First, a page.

“I don’t recall he ever went this far in terms of the pace and scope of the rhetoric. Threatening to launch nukes directly against the United States and South Korea confirms what a lot of people have been saying, which is we are dealing with someone new,” the official added.
Another senior administration official said Kim’s youth and education abroad offered promise for many North Korea watchers that he would be more willing to engage with the West.
“Unfortunately, he is following the example of his father and grandfather pretty closely,” the official said. “It’s hard to be optimistic.”
His grandfather, Kim Il Sung, was the founding leader of North Korea.
Where will he go beyond political theater?
Kang and Cha said the question that should be asked about Kim is whether he is turning out to be adventurous or cautious.
A risk-taking leader “may or may not be good for North Korea and its relations with the outside world,” they say. Any major changes in foreign policy would bring “enormous hazards.” Domestic, economic and social reforms also involve risks, they said.
“If Kim moves beyond the political theater of the past 60 years – chest-thumping, name-calling, threatening to turn Seoul into a ‘sea of fire’ – and actually risks a major military strike against South Korea or even the United States, he is putting his own neck, as well as his country’s, on the line,” they wrote.
What if Kim plays it safe?
“A cautious Kim, who simply pursues the status quo, would mean that North Korean policy will muddle along, with no real change to the frustrating, dangerous, decades-long game of brinksmanship,” they said.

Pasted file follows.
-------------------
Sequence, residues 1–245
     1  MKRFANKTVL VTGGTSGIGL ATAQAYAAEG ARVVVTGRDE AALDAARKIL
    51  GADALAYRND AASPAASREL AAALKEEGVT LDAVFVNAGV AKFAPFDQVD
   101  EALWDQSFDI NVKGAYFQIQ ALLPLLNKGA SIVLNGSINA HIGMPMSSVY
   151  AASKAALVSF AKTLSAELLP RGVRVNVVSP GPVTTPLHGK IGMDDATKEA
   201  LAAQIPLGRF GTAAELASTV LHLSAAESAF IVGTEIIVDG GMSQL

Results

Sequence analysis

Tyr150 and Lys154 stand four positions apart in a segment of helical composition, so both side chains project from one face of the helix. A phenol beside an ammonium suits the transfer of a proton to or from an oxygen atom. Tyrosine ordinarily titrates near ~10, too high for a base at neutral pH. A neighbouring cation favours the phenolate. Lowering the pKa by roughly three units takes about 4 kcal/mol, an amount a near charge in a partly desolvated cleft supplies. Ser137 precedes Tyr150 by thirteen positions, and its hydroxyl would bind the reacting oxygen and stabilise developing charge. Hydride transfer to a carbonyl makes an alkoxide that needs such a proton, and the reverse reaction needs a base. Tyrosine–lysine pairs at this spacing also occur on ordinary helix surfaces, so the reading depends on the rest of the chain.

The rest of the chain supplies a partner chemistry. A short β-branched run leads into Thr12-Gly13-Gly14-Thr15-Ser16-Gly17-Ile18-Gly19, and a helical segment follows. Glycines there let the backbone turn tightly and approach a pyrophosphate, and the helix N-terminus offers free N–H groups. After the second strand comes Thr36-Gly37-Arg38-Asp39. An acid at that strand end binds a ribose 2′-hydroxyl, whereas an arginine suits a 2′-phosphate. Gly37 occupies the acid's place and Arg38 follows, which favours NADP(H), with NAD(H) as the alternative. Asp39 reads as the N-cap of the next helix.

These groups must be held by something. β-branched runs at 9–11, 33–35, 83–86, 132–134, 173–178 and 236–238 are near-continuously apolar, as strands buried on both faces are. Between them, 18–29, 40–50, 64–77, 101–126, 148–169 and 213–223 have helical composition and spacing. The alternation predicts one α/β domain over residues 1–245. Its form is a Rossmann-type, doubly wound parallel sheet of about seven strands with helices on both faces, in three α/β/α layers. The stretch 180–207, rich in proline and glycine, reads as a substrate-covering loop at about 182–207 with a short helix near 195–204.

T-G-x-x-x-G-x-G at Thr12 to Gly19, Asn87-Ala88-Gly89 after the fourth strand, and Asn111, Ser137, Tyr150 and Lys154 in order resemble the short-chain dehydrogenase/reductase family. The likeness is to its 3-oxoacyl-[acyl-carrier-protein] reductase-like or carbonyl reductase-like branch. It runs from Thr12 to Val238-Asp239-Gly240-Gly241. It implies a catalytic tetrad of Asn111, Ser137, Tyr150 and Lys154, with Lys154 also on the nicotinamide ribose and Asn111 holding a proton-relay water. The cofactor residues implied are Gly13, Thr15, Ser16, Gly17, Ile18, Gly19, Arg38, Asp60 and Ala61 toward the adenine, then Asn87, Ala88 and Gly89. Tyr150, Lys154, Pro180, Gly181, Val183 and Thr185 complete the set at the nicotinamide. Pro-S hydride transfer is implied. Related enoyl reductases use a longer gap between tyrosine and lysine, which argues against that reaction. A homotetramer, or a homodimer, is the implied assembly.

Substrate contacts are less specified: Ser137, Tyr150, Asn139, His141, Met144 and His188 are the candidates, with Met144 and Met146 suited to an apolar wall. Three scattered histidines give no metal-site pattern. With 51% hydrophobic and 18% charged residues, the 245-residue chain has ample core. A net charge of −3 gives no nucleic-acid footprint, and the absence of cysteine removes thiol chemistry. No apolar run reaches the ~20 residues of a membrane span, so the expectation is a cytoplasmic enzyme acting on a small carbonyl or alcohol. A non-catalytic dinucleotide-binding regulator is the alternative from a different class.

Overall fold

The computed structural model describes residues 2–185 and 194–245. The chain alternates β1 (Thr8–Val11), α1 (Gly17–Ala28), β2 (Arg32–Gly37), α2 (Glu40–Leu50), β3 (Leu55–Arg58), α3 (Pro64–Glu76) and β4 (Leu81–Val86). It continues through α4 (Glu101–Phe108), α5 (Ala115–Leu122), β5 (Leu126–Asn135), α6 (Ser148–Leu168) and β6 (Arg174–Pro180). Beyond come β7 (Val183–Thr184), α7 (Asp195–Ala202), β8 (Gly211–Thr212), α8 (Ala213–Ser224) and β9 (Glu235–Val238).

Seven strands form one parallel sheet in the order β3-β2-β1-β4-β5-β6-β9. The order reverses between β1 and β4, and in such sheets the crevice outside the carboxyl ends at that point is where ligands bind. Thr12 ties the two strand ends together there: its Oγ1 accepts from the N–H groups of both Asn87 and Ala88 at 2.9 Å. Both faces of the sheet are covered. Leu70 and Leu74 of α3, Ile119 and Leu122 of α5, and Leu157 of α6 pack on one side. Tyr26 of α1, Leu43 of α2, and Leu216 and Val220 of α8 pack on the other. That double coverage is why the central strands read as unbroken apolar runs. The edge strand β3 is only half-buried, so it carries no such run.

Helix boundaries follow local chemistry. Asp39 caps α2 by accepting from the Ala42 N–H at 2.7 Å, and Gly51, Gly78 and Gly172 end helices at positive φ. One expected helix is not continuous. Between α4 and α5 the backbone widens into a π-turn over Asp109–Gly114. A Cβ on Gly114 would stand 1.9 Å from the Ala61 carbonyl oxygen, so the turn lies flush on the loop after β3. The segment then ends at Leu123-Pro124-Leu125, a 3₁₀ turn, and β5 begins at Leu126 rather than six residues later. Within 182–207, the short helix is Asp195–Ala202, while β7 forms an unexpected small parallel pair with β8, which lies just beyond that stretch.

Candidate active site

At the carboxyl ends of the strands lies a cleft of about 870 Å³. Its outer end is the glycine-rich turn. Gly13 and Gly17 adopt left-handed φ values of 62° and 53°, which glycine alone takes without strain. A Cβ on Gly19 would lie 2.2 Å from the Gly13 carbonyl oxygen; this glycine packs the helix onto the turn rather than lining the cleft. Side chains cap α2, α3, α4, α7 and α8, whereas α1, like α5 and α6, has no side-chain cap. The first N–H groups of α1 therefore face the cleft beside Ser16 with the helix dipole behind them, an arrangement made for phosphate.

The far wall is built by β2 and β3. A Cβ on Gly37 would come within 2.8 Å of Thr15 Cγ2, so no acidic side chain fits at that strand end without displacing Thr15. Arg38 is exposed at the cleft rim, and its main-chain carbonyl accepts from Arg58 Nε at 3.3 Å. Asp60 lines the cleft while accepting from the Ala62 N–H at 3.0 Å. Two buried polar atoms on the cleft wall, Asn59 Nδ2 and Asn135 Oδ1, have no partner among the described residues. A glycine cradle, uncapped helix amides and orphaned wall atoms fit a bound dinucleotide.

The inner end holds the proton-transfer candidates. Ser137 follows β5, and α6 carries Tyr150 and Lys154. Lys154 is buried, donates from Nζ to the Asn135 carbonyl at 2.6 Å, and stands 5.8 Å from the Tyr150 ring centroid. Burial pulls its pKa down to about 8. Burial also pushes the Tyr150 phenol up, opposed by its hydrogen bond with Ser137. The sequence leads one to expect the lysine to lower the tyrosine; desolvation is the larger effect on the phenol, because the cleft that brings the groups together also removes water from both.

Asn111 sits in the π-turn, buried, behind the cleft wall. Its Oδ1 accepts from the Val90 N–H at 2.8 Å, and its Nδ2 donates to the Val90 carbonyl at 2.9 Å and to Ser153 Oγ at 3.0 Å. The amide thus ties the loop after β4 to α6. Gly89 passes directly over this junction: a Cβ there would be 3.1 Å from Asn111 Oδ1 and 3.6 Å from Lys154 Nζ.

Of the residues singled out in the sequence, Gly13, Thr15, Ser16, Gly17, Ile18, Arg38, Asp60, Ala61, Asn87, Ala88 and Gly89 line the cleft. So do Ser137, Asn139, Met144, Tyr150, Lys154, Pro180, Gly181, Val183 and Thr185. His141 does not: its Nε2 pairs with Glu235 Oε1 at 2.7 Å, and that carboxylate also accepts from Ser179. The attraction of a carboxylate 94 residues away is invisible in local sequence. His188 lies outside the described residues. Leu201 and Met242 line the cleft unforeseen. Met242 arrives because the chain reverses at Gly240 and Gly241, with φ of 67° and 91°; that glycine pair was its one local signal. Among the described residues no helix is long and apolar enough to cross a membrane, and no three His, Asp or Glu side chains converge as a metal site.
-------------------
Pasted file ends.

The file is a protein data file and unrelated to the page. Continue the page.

What we don’t know about Kim
Fred Kaplan, writing in Slate, said Kim Jong Il was schooled to take the reins of power. Kim Jong Un, however, “is still an unknown quantity.”
Kim Jong Un “had no political or military experience before taking putative control of the army, the party, and the nation.” The young leader “had little time to learn anything; his behavior is at best hard to read, and at times bewildering.”
Kaplan cites an incident last year. President Obama agreed to provide North Koreans with food aid if they suspended missile and nuclear tests. But Kim embarked on a missile test before the food arrived. He touted the act after Obama canceled the food aid and got the U.N. Security Council to condemn the North Korean action.
He compares Kim Jong Un to his father and grandfather.
Kim Jong Il and Kim Il Sung “would make a threat, and wait for the enemy (the United States, South Korea, the U.N., or some combination of the above) to offer a bribe in exchange for their forbearance. They would take the bribe – and they’d forbear,” Kaplan writes.
“But this new Kim took the promise of a bribe – then went ahead and carried out the threat anyway, even before the payment, in this case desperately needed food, came through. What the hell?”
People now want to know Kim “knows how to play his family’s game,” Kaplan said.
“It’s always been an odious game, but in the old days, when the father and grandfather were around, it would end with peace, at least for a while, if the west played along,” he said.
CNN’s Elise Labott contributed to this report.